Make up the lost ground;Subject of the Week;Technology

29th October 1999 at 01:00
Kevin Harcombe examines ways of raising the profile of Damp;T in primary schools

Design and technology, according to a recent National Association of Head Teachers survey, has suffered even greater neglect in primary schools than the other foundation subjects. Most teachers realise it is an important part of a broad and balanced curriculum, but that breadth and balance have been undermined by the drive to achieve literacy and numeracy targets.

We worked like Trojans to get literacy and numeracy up and running, which led to a squeeze on time and resources available for all foundation subjects. Now the literacy hour is established, we should try to regain some of the ground lost in Damp;T.

In practice this means more resources for training and materials. Primary teachers have risked becoming deskilled in the foundation subjects because the mass of in-service training time and funds have been devoted to literacy and numeracy.

In an attempt to reverse this trend, the National Association of Advisers and Inspectors of Design and Technology has published guidelines to show that its subject can provide valuable contexts in which to raise attainment in literacy at key stages 1 and 2.

Gareth Pimley, technology adviser for Shropshire, and author of the guidelines, believes Damp;T can provide relevant and motivating contexts for literacy. He sees it as a matter of common sense. "If Damp;T requires children to write instructions, why not use this ready-made context to teach the language features of instructional texts in the literacy hour?" He hopes the guidelines will reduce teachers' planning for literacy (did I hear three cheers?) by providing stimulating contexts, and that the approach will add purpose and direction to children's writing. School-based trials have shown that some boys progress more rapidly in literacy when Damp;T provides the vehicle for their reading and writing. Some children with special needs also respond particularly well. In my own school, boys respond more readily to non-fiction writing tasks.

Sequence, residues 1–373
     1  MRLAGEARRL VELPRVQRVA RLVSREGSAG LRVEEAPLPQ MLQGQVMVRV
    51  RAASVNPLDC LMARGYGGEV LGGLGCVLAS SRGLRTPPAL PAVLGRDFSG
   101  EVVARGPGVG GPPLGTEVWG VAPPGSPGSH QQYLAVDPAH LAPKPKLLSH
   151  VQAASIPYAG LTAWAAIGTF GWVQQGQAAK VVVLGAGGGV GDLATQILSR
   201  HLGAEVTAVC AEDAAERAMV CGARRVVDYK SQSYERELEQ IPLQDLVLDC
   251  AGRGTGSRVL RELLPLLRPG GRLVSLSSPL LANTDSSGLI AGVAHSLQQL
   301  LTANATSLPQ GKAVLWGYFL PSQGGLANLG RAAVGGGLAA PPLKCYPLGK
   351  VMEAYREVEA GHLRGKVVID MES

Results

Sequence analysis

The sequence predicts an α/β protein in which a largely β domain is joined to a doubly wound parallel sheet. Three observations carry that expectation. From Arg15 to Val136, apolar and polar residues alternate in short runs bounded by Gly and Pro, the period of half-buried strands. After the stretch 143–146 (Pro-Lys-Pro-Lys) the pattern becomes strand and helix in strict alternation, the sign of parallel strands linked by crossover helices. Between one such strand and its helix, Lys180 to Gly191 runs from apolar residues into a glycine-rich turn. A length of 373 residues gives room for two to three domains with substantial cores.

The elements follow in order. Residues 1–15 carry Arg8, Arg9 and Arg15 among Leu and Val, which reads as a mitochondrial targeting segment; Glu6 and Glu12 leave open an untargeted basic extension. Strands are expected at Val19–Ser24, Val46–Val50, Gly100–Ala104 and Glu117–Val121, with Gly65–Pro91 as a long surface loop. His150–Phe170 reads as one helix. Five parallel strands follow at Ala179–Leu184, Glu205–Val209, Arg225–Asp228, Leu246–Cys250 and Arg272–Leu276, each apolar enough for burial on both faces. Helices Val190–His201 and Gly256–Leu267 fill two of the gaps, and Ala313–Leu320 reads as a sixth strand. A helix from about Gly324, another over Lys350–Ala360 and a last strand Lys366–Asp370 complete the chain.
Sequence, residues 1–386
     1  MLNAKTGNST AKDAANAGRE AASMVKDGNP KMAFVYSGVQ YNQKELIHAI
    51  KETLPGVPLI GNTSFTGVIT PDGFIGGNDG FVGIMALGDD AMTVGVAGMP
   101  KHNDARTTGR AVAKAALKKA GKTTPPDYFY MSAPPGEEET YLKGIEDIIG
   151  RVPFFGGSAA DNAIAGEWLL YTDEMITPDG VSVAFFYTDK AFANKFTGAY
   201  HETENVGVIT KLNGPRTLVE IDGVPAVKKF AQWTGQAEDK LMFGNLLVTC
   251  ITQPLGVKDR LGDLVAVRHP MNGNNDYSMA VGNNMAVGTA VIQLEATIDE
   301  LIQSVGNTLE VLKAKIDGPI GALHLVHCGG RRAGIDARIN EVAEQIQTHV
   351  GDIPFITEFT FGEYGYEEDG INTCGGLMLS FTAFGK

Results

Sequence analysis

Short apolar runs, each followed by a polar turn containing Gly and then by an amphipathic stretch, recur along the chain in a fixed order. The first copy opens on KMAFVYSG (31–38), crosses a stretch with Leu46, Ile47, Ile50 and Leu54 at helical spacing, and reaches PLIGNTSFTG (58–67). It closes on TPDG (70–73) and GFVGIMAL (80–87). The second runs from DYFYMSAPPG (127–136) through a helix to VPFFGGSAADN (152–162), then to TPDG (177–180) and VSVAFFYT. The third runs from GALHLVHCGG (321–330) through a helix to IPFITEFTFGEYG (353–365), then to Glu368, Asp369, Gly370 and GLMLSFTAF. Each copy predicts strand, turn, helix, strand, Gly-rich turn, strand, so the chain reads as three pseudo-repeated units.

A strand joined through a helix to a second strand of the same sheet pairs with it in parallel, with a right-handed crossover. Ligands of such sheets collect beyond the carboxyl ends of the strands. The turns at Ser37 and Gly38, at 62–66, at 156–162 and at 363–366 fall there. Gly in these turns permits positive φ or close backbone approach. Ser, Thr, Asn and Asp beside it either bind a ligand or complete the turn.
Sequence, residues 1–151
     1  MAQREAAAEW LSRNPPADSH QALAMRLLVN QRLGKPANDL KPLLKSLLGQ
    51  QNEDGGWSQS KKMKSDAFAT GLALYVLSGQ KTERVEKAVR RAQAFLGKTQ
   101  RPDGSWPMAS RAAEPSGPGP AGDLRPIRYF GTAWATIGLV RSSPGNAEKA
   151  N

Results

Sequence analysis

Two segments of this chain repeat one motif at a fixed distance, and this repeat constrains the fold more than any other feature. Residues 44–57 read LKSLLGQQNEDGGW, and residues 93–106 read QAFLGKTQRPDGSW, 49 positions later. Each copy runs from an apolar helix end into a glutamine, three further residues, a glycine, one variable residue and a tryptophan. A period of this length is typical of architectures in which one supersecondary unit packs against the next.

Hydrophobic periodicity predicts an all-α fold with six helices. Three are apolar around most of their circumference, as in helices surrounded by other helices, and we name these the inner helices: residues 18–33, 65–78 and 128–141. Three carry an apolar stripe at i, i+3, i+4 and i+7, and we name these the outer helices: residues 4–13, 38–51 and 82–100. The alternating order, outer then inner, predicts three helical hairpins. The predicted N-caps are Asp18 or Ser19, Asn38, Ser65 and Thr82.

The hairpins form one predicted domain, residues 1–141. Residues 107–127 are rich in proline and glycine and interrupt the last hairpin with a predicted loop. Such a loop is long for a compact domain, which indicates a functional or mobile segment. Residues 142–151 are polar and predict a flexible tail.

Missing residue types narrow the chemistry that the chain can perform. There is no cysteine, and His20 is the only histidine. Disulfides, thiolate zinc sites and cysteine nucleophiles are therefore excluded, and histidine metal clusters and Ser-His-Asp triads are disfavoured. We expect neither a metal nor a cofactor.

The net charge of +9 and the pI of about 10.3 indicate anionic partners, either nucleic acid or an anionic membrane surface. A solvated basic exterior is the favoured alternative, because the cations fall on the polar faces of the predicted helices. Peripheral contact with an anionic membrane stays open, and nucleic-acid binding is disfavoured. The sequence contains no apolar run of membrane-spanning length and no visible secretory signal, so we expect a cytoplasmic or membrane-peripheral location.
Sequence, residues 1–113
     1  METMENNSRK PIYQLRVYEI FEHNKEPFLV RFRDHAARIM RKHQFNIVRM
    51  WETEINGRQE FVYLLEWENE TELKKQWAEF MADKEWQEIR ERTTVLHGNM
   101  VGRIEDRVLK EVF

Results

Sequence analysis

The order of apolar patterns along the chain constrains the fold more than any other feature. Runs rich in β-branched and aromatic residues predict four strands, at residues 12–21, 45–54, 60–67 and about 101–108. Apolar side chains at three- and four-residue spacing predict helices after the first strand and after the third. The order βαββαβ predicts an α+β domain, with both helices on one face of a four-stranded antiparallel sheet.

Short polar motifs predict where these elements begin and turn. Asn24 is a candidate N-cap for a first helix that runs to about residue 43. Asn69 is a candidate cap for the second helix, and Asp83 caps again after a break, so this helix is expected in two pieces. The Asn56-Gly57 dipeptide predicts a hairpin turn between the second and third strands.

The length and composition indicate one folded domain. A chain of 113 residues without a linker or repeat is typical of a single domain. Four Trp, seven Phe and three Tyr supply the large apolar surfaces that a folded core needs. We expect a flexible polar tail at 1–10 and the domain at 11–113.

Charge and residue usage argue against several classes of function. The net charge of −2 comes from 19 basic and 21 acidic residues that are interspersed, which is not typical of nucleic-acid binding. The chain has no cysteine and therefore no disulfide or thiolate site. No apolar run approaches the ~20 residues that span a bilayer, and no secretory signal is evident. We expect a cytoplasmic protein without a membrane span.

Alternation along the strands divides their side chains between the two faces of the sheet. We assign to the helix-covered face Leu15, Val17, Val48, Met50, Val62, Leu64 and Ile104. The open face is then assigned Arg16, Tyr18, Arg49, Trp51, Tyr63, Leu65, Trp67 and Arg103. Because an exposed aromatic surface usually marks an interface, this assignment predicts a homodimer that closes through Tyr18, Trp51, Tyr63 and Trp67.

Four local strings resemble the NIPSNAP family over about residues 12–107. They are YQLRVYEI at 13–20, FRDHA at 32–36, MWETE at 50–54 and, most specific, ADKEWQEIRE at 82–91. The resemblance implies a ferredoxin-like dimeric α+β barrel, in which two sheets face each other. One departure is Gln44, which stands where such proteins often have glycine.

David Wray, professor of literacy education at Warwick University, agrees that literacy can be successfully delivered through design and technology and help to close the gender gap in attainment. He says: "Before the national literacy strategy, writing and reading were dominated by narrative, while boys, for a variety of reasons, are more turned-on by non-fiction."

The strategies have had other positive effects on the foundation subjects. Improvements in teachers' questioning skills brought about by the NLS are having a knock-on effect in the foundation subjects - in Damp;T children can be taught to self-question to improve their designs and evaluations.

'Primary Design and Technology: bringing literacy to life' by Gareth Pimley is available from Data Publications on 01789 470007.David Wray's website (including sample writing frames and other literacy resources) is at staffD.J.Wray Wray.htmlKevin Harcombe is head of Orchard Lea Junior School, Fareham, Hampshire



Retelling the sequence in which a product was made

* set the scene - what was made, what materials were used, who made it and how long it took

* sequence events - how the product was made step-by-step

* produce a closing statement - briefly describe the main features and strengths and weaknesses in the product or what was learned Using instructional writing - producing step-by-step plans for making or using a product

* state goal to be achieved

* list what is needed - materials and components

* produce a sequence of steps needed to achieve goal Producing non-chronological reports - for analysing, classifying or describing existing products

* make a general classifying statement

* state purpose of product

* describe materials, components and parts of the products

* identify particular design features

Put it in your diary - Damp;T Week 2000

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